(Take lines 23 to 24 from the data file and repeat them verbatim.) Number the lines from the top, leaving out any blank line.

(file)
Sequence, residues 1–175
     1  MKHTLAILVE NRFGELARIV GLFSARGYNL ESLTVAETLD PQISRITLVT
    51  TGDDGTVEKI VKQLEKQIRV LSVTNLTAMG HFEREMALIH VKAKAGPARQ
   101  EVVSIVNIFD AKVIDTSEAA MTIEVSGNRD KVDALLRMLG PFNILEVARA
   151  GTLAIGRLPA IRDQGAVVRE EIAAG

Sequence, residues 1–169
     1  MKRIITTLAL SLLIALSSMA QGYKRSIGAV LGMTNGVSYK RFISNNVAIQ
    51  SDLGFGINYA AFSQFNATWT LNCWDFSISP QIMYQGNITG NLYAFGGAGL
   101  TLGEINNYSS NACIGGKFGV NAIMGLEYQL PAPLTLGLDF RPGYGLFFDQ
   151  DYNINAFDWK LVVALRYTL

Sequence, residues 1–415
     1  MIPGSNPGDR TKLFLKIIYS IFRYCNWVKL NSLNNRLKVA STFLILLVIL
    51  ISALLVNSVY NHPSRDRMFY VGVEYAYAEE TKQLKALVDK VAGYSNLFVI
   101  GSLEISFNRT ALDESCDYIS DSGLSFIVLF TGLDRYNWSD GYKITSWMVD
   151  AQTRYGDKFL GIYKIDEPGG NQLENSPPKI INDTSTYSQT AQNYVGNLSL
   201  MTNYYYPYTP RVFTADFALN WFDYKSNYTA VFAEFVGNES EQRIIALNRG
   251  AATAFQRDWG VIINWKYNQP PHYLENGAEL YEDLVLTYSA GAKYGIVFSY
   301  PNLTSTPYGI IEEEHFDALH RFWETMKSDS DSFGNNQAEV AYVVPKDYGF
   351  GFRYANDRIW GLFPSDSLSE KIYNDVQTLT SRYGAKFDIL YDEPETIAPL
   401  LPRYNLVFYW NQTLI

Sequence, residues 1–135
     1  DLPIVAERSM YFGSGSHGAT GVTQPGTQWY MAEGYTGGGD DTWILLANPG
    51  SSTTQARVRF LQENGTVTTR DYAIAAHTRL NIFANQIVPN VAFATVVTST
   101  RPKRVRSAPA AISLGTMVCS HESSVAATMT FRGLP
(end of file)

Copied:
    51  SSTTQARVRF LQENGTVTTR DYAIAAHTRL NIFANQIVPN VAFATVVTST
   101  RPKRVRSAPA AISLGTMVCS HESSVAATMT FRGLP